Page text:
Cannabinoids have a favorable drug safety profile.[1-4] Unlike opioid receptors, cannabinoid receptors are not located in the brainstem areas controlling respiration; therefore, lethal overdoses due to respiratory suppression do not occur. Because cannabinoid receptors are present in tissues throughout the body, not just in the central nervous system, adverse effects include tachycardia, hypotension,conjunctival injection, bronchodilation, muscle relaxation, and decreased gastrointestinal motility.
Although cannabinoids are considered by some to be addictive drugs, their addictive potential is considerably lower than that of other prescribed agents or substances of abuse. The brain develops a tolerance to cannabinoids.
Withdrawal symptoms, such as irritability, insomnia with sleep electroencephalogram disturbance, restlessness, hot flashes, and rarely, nausea and cramping have been observed, but these symptoms appear to be mild compared with withdrawal symptoms associated with opiates or benzodiazepines, and the symptoms usually dissipate after a few days.
Unlike other commonly used drugs, cannabinoids are stored in adipose tissue and excreted at a low rate (half-life 1–3 days), so even abrupt cessation of cannabinoid intake is not associated with rapid declines in plasma concentrations that would precipitate severe or abrupt withdrawal symptoms or drug cravings.
In clinical trials of Cannabis, euphoria is often scored as an adverse effect.[1,2]
In a retrospective cohort study of 64,855 men aged 15 to 49 years, participants were divided into cohorts based on their use of tobacco and marijuana: never inhaled either, inhaled only Cannabis, inhaled only tobacco, and inhaled tobacco and Cannabis. Among the nonsmokers, two cases of lung cancer werediagnosed during the follow-up period. Among the men who inhaled tobacco either alone or in addition to marijuana, the risk of lung cancer increased tenfold. In the follow-up of men who inhaled marijuana alone, no cases of lung cancer were documented.
A case-control study of 611 lung cancer patients revealed that chronic low Cannabis exposure was not associated with an increased risk of lung cancer or other upper aerodigestive tract cancers. A standardized questionnaire used during face-to-face interviews collected information on marijuana use expressed in joint-years, where 1 joint-year is the equivalent of inhaling one marijuana cigarette per day for 1 year. The results showed that, although using marijuana for 30 years or longer was positively associated in the crude analysis with each cancer type studied except pharyngeal cancer, no positive associations were found when adjusting for several confounders including cigarette smoking.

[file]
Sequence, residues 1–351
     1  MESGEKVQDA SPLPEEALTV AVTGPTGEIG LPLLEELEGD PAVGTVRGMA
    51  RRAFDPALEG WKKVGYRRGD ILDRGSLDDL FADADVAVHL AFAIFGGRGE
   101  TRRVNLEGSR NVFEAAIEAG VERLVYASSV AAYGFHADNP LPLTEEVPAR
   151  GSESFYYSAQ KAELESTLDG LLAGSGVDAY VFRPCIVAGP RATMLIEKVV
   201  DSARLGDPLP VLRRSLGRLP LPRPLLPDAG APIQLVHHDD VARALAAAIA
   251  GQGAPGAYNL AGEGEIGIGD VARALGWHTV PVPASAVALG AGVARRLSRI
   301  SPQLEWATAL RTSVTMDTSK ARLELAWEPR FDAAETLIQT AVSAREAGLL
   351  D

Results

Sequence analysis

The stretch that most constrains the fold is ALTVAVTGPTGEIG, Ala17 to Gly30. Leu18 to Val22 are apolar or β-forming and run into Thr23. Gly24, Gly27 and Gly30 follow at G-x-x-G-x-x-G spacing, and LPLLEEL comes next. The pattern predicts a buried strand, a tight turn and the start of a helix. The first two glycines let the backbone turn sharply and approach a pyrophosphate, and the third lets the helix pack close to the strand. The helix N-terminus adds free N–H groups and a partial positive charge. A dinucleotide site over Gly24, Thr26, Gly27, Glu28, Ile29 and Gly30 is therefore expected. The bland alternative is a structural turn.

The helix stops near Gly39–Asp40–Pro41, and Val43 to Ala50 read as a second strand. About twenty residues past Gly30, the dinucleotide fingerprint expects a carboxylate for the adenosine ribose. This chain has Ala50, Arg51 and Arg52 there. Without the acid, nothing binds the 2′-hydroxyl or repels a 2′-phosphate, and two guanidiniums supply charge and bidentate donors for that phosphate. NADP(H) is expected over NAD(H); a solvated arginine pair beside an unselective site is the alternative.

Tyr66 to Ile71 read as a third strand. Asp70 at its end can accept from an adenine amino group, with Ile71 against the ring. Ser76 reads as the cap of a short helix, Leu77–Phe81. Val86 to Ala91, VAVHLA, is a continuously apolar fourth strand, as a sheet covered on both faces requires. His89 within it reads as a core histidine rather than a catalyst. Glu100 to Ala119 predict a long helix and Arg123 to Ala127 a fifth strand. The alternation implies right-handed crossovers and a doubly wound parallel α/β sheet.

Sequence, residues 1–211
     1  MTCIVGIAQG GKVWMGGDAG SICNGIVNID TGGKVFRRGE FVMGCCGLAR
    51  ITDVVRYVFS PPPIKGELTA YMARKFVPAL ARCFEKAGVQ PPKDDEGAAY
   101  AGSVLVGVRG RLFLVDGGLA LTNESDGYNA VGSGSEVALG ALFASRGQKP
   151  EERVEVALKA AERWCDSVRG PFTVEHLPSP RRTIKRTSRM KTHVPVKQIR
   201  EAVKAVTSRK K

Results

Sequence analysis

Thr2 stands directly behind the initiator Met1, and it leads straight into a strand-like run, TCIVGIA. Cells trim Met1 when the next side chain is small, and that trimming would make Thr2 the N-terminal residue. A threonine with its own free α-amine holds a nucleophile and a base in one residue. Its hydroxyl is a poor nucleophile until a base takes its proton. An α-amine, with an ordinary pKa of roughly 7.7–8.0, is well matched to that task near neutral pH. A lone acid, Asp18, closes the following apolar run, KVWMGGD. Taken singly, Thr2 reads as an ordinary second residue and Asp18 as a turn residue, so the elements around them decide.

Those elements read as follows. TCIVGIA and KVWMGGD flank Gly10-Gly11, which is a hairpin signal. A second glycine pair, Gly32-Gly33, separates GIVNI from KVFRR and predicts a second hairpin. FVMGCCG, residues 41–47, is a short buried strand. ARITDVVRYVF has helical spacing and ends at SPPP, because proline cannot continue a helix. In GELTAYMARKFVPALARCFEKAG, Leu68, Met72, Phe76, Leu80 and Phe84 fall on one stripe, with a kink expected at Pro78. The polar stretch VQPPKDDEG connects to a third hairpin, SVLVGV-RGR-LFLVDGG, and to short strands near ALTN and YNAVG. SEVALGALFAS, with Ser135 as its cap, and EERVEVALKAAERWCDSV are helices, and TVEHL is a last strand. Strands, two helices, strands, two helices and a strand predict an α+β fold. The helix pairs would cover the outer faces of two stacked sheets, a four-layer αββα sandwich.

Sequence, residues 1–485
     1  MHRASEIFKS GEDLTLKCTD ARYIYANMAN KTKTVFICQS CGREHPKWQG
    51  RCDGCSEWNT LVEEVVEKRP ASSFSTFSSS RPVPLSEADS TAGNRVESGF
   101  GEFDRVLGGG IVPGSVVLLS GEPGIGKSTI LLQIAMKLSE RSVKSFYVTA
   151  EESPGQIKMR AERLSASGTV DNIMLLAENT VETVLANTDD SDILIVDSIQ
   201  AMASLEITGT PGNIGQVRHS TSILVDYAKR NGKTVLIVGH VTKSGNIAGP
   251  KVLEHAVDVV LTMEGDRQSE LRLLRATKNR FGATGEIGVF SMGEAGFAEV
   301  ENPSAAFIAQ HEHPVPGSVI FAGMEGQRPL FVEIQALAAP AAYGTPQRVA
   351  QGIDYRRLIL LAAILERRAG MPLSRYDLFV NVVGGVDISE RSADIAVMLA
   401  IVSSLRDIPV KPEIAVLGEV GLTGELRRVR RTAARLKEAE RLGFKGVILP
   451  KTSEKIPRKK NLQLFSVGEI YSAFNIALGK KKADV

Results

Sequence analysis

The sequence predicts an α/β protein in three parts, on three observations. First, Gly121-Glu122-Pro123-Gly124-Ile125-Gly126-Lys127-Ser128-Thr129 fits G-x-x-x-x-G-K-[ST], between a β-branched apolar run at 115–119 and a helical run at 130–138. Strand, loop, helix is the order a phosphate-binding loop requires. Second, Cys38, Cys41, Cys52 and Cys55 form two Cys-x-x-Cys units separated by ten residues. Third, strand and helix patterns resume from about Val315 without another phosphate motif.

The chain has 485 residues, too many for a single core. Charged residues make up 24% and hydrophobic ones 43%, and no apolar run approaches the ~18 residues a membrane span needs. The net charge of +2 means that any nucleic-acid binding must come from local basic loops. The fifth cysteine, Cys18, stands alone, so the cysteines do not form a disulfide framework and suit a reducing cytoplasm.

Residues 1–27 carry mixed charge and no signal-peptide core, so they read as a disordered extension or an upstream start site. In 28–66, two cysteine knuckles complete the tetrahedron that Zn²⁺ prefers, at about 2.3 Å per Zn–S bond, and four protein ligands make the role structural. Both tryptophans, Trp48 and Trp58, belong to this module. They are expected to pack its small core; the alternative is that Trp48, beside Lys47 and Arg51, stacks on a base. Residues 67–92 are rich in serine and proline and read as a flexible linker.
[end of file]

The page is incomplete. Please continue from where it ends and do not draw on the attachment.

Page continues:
Furthermore, a systematic review assessing 19 studies that evaluated premalignant or malignant lunglesions in persons 18 years or older who inhaled marijuana concluded that observational studies failed to demonstrate statistically significant associations between marijuana inhaling and lung cancer after adjusting for tobacco use.
- Adams IB, Martin BR: Cannabis: pharmacology and toxicology in animals and humans. Addiction 91 (11): 1585-614, 1996. [PUBMED Abstract]
- Grotenhermen F, Russo E, eds.: Cannabis and Cannabinoids: Pharmacology, Toxicology, and Therapeutic Potential. Binghamton, NY: The Haworth Press, 2002.
- Sutton IR, Daeninck P: Cannabinoids in the management of intractable chemotherapy-induced nausea and vomiting and cancer-related pain. J Support Oncol 4 (10): 531-5, 2006 Nov-Dec. [PUBMED Abstract]
- Guzmán M: Cannabinoids: potential anticancer agents. Nat Rev Cancer 3 (10): 745-55, 2003. [PUBMED Abstract]
- Sidney S, Quesenberry CP Jr, Friedman GD, et al.: Marijuana use and cancer incidence (California, United States). Cancer Causes Control 8 (5): 722-8, 1997. [PUBMED Abstract]
- Hashibe M, Morgenstern H, Cui Y, et al.: Marijuana use and the risk of lung and upper aerodigestive tract cancers: results of a population-based case-control study. Cancer Epidemiol Biomarkers Prev 15 (10): 1829-34, 2006. [PUBMED Abstract]
- Mehra R, Moore BA, Crothers K, et al.: The association between marijuana smoking and lung cancer: a systematic review. Arch Intern Med 166 (13): 1359-67, 2006. [PUBMED Abstract]